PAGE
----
Traveling To Costa Rica – Common Mistakes

Don't try and do a ton of things in Costa Rica. It is okay to spend your whole trip in one location

Don't try and do a ton of things in Costa Rica. It is okay to spend your whole trip in one location

I can not tell you how many times in Yahoo Answers, someone writes, ‘Yeah I’m  going to Costa Rica … only have  a few days … What do I do ?

A year and a half ago I took my two ‘very active boys’ down, and got a hold of  friend, who puts together custom Costa Rica travel packages, and we enjoyed   a ball-busting trip of two days fishing, white water rafting, zip lining, volcano and hot spring tour and more … all in 6 days. Needless to say this dad needed a vacation after the vacation. First, if you are planning a trip, try and spend at lease 10 days and postpone it to do so. Or just call in sick, or what I did years and years ago,  “ Hi Boss, nasty weather got our flight  delayed … we could not book another flight until 3 days from now  … so I will not be in for 4 days ;-).”

You can spend a week just at Aream Volcano and Hot springs

You can spend a whole trip just at Arenal Volcano. You can spend a whole day at the spa and hot springs, go hiking, horseback riding, shopping and take several eco-tours.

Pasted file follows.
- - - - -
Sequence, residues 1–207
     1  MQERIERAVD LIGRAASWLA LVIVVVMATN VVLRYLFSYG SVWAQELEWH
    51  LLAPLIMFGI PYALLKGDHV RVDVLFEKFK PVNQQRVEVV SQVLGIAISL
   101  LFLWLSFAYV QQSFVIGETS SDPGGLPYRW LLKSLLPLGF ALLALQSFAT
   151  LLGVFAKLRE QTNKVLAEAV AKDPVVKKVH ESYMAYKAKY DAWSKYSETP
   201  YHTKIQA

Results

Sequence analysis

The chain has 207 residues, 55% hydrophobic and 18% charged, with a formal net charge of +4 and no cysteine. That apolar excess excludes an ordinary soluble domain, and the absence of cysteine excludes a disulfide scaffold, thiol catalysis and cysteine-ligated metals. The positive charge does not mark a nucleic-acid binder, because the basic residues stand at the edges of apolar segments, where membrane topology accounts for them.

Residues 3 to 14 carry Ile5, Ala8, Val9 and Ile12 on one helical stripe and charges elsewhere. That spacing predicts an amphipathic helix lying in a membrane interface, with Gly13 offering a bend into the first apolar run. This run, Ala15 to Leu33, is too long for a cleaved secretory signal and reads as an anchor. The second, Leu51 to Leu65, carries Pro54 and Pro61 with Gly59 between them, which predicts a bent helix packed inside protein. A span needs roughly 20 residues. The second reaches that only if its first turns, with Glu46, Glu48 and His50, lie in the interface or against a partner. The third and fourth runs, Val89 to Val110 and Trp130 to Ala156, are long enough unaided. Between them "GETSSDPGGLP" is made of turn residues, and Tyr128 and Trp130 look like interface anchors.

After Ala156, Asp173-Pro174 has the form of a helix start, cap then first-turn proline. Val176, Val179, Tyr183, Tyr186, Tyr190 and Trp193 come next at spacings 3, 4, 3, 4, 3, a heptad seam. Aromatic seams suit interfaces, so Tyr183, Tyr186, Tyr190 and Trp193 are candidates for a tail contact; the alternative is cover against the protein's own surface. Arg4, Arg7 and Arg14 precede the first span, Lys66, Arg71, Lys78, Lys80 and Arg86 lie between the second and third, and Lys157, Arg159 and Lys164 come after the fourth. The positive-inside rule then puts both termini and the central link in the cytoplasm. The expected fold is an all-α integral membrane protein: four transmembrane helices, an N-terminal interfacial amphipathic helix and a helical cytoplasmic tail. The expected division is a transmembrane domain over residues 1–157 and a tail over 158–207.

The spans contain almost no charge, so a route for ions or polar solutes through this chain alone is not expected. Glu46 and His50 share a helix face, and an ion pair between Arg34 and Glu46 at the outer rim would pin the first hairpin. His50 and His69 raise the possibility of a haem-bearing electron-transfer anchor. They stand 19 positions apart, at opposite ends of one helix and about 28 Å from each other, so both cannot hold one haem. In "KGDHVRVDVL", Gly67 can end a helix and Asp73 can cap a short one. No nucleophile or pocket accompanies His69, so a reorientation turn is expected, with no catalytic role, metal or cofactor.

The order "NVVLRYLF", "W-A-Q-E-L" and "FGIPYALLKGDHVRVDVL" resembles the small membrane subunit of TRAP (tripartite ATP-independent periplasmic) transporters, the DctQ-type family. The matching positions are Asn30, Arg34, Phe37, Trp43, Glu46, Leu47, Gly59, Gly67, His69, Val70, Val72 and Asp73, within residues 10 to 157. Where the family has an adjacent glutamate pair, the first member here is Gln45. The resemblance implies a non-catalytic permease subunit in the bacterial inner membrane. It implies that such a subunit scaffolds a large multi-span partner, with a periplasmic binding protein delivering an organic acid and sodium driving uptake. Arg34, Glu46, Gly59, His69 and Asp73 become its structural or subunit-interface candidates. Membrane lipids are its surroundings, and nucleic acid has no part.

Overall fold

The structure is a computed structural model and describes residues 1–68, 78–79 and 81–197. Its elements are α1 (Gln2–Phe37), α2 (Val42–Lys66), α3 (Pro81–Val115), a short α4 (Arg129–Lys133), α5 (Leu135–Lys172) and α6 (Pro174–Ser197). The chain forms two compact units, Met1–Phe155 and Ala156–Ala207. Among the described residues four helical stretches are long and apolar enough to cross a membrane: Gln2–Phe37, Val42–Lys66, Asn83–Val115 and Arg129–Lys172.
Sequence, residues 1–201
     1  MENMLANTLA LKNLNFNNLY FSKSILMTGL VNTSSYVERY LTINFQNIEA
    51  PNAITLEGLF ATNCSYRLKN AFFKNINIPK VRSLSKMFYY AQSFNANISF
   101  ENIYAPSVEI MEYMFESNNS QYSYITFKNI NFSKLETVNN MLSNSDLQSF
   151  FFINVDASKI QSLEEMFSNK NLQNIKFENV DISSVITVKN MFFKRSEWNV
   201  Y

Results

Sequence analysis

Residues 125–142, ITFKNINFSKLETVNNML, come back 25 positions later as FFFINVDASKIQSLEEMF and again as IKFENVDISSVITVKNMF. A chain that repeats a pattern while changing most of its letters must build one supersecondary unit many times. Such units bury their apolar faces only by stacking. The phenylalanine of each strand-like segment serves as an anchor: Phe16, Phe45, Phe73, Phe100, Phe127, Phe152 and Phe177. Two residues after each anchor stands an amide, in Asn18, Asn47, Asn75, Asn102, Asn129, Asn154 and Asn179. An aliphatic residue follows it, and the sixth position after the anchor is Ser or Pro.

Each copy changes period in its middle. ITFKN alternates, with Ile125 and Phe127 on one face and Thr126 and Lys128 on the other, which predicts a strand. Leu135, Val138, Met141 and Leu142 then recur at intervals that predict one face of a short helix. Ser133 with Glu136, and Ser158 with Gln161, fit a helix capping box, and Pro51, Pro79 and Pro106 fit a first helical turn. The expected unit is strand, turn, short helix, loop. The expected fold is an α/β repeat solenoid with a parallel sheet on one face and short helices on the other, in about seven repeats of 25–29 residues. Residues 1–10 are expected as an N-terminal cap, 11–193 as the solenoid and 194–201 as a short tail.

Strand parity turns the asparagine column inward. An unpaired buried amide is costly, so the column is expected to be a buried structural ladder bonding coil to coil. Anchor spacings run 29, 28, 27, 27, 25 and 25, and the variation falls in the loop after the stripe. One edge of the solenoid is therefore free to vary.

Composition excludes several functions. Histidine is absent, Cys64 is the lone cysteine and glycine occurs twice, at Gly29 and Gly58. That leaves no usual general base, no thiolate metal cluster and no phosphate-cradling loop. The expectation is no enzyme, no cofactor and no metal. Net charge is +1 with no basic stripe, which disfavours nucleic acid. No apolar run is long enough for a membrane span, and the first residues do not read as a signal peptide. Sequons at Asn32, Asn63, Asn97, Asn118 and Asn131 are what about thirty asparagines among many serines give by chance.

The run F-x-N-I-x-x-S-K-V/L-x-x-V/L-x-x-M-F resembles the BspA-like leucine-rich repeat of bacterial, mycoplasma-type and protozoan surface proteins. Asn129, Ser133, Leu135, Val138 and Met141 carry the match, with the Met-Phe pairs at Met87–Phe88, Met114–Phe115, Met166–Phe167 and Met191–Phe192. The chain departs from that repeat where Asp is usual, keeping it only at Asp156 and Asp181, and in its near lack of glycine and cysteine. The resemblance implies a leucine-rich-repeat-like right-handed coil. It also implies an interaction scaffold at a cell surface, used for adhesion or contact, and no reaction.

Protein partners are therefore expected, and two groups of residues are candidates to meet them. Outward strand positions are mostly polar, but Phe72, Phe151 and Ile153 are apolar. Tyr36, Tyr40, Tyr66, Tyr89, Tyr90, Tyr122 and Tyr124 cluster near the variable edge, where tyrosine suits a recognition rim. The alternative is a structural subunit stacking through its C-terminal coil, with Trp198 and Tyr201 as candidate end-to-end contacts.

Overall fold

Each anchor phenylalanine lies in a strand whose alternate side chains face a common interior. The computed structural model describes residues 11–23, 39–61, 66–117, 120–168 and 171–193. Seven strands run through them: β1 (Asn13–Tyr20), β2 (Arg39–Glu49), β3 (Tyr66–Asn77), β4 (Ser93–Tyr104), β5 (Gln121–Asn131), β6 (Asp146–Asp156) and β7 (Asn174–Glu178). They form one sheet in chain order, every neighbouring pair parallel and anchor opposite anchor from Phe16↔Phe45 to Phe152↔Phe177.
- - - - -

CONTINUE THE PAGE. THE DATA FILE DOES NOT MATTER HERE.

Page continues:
Second, I would suggest no more than three destinations for an eight day trip, so do not try and do everything … you will get burned out! Focus on the surrounding area and think “Enjoy and Go with the Flow.” In other words, don’t try and do the Volcano thing in one day, and then in the next day head to Manuel Antonio beach.  Just those two you will lose a day in travel.  If you got the bucks, try and fly between locations, it’s worth it. The back way drive from San Jose to Jaco is very calanderistic, and should take about 2 hours, but it can take you a full day.   Remember, the roads are just plain lousy and driving can be hazardous. I remember one time driving from Jaco to Quepos (about an hours drive when conditions are good)  it took us almost six hours when accidents, detours, and heavy rain caused us to spend more time standing still in traffic then getting to Quepos.

Renting a car and doing your own driving may be Okay to some but, if you can, avoid it. Plus, it’s expensive, somewhat risky and time consuming. Rent a car when you’ve reached your destination, and that way you can do your exploring with the freedom to cruise around town and the local areas.

Don’t always believe in Travel Forums, like Frommers and Trip Advisor’s. These sites are good, but do not take them as the Word of God. Only, and I mean ONLY, a tiny percentage of these bloggers and chatters that post HAVE actually been to Costa Rica. I can not tell you how many times I have seen a post/chat that was cut and pasted from some Travel Agency and/or someone “guessed” at the answer to a question.

It is okay to spend time in ONE location. Costa Rica’s towns/cities are full of rich and diverse landscapes, climates and wildlife. To spend an entire vacation at one location or area is not necessary a mistake and can be a good thing.  For example, in Punta Jimenez you can get the unreal balance of recreation, adventure. wildlife, and relaxation between the beach and rain forest and spend a month doing it, and still not see a fraction of what Jimenez and surrounding areas and towns have to offer.